Questions of scale continue: From the article:
Sangji's letter also alleges that the investigator ignored key information she relayed to him from her critically burned sister, including that she had made three transfers each of 50 milliliters, or about 1.7 ounces. The investigator's report, obtained through a California Public Records Act request, put the volume of t-butyl lithium at 20 milliliters... The family also contends that the investigator ignored a UCLA fire marshal's report, which quoted Harran as saying that Sangji probably was transferring 40 to 50 milliliters of the chemical and that a different method would have been preferred for that amount.All right, what gives? The scale from before was 20 mL of 1.7M tBuLi in pentane, which I've pointed out previously, is a pretty big amount of tert-butyllithium for an academic lab for one reaction. If the reports of the UCLA fire marshal's investigation and Harran's statement are true, the new amounts are quite large. Moreover, the family's amount (150 mL) is stunning. Let's use the calculations I did last time (2.0 equiv tBuLi (assuming lithium-halogen exchange), MW 250). Now we're talking about either 8.5 to 10.6 grams (Harran's speculation) or 31.9 grams starting material (Sangji family statement).
Not to repeat myself, but it's becoming quite clear to me that Ms. Sangji was performing a scale-up, where she was repeating previous work done on smaller amounts. Even in more experienced hands, this would have cried out for extreme levels of caution. On this scale (40-150 mL), cannulation would have been far preferable -- and would have required that much more supervision, as it is a much more tricky technique.
Continuing on, Christensen writes about the most serious allegations by the family against Professor Harran:
The investigator also failed to take into account UCLA fire officials' initial concerns that the accident scene had been tampered with, Sangji's letter says. On the night of the fire, a deputy fire marshal had ordered Harran and his researchers to stay out of the lab, which was then locked and secured with plastic crime-scene tape, records show. But the next morning, the deputy reported, he found that some 5-gallon drums of improperly stored flammable liquids were gone, and other items had been moved around.
There also was no sign of a container of highly flammable hexane that Sheri Sangji said had spilled and fueled the flash fire that engulfed her, according to a report by Los Angeles fire officials who interviewed her shortly afterward. When UCLA fire officials interviewed Harran on Feb. 5, he said he knew nothing about the hexane. He acknowledged asking two researchers to clean up the lab and remove the drums, but said he had no ulterior motive. "I just wanted to get all those drums out," he said. "It was my fault. . . . And it didn't relate to the accident, but it just looked bad."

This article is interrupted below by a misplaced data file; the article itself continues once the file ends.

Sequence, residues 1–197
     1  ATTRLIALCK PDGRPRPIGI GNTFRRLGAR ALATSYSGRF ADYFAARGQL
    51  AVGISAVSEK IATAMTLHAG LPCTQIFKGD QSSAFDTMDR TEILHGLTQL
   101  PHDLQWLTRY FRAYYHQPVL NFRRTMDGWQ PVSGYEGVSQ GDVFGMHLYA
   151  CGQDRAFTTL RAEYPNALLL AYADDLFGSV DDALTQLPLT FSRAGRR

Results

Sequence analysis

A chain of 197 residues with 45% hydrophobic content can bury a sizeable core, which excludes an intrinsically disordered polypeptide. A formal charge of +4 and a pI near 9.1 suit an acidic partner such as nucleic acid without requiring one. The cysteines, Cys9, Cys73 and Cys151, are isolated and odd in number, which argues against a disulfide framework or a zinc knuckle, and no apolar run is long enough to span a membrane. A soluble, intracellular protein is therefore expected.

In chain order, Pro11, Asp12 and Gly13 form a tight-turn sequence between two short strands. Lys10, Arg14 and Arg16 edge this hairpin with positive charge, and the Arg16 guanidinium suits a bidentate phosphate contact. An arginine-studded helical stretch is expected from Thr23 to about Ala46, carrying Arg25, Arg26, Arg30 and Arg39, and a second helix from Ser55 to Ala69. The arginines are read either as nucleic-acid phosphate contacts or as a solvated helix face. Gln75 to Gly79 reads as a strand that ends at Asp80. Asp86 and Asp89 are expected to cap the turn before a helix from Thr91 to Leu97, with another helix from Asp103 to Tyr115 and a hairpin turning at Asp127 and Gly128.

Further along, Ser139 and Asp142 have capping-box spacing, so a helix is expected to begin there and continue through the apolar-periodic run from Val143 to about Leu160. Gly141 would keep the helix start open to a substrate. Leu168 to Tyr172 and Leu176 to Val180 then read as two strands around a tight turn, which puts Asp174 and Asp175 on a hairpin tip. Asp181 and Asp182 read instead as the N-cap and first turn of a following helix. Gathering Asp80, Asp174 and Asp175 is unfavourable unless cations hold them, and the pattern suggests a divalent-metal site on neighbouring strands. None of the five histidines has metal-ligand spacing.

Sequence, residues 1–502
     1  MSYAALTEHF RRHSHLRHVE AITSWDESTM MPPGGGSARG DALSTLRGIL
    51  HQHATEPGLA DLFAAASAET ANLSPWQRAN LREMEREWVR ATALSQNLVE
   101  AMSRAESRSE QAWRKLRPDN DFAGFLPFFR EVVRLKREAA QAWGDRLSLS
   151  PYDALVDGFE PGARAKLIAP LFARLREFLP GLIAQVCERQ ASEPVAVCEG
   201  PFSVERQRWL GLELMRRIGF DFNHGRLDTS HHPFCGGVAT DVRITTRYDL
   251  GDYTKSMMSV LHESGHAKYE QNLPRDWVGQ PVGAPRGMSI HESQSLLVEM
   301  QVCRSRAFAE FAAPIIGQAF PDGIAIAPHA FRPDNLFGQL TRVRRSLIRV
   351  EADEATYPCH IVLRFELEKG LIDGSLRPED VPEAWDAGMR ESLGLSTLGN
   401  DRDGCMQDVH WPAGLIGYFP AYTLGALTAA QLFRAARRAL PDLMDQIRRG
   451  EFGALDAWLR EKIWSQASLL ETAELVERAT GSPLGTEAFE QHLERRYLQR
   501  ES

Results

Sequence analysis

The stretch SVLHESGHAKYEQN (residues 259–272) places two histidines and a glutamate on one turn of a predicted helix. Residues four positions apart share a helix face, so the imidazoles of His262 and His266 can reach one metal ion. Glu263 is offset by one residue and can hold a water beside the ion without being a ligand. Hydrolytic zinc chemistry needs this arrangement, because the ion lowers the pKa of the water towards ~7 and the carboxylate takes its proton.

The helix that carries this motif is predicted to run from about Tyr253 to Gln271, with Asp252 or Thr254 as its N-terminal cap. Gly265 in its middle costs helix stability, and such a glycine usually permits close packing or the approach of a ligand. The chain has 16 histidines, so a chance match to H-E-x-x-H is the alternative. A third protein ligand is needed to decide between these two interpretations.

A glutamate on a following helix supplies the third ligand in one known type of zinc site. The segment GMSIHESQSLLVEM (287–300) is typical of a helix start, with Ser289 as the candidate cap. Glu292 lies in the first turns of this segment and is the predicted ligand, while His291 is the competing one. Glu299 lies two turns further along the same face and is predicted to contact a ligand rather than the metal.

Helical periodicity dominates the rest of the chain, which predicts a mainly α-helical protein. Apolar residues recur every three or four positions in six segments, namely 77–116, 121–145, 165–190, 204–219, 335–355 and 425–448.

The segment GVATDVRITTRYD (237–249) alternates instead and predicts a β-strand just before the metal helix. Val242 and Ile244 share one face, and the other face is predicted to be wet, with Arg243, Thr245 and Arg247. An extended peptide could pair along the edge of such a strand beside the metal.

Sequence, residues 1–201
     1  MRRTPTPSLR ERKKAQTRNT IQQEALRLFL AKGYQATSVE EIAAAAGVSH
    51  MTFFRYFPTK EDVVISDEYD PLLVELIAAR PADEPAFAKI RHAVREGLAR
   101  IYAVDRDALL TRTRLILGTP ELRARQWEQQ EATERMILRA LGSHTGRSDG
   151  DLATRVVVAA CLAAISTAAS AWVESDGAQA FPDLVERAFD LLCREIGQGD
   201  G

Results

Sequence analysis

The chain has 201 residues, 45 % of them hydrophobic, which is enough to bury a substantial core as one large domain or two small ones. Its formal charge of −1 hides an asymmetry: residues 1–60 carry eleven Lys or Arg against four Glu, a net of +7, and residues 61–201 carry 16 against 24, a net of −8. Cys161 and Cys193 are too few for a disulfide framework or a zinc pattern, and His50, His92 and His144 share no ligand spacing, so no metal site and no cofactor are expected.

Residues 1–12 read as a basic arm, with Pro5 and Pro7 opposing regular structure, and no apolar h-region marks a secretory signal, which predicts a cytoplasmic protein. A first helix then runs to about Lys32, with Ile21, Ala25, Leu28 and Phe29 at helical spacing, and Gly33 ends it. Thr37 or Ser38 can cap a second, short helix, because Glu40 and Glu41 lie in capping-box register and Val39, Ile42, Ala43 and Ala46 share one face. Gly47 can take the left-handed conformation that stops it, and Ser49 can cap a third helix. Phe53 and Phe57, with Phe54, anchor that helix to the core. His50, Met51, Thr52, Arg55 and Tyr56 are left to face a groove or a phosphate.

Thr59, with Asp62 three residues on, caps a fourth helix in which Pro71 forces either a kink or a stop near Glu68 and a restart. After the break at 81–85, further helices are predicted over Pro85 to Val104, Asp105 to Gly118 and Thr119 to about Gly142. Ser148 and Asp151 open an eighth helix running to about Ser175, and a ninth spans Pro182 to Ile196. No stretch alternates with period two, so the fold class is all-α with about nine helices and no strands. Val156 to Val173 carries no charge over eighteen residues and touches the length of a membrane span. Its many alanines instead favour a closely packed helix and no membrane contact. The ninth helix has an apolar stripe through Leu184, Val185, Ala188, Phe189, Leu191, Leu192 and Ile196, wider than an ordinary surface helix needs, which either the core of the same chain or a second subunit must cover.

The suspected tampering triggered a criminal investigation by UCLA police, who concluded in January that no crime had been committed, records show. Cal-OSHA's Bureau of Investigation has launched its own probe, as it routinely does in death cases, to determine if there is evidence of a crime. Fryer would say only that it is ongoing.There are two separate facts being introduced here. Let's take them one at a time:
Hexanes in the hood: Of all the new facts introduced, I find this one the most believable. Typical organic chemists split their hoods in two, mentally and physically: one side for reaction running, another for reaction workup and purification. It is entirely unsurprising if a open container of hexanes was located nearby (for a flash column) and were to have caught on fire. Whether it actually did or not is something that I cannot answer -- however, the possibility of such a container being present is entirely reasonable.
Cleanup or cleanup?: I am shocked and surprised at the revelation that Professor Harran countermanded the deputy fire marshal's orders and asked his employees to remove the offending drums of solvent. This shows extraordinarily bad judgment on the part of Professor Harran. While I have no reason not to take him at his word, I find this action odd, unwise and also selfish. If he had wanted to break a crime scene seal and tidy up appearances, why didn't he do it himself rather than asking his employees to do it? I feel this revelation permanently damages his reputation with the chemistry community, as it is an error of commission, not of omission.*
*I am sympathetic to the thought that Professor Harran was not in a proper state of mind when he suggested this course of action. Impulses to cover up your mistakes are pretty natural, really. Acting on them, though, is a different matter.
What now?: I don't know if there will ever be a full accounting of what happened to Sheri Sangji on December 29, 2008. Most of the relevant safety facts are already known to the chemistry community and the lessons have been broadcast, if not learned: tBuLi is dangerous and needs to be used with the utmost care, proper PPE is essential to lab safety and that academic lab safety leaves quite a lot to be desired. Caveat discipulus (student, beware! and chemist!)
But the academic science community thrives best on openness and frank discussion. In that vein and with a nod towards full disclosure of the details of the accident, I respectfully call for the publication of the notebook page of the fatal reaction. This is the only scientific (and legal!) document that can fully explain what Sheri Sangji was attempting to do that day.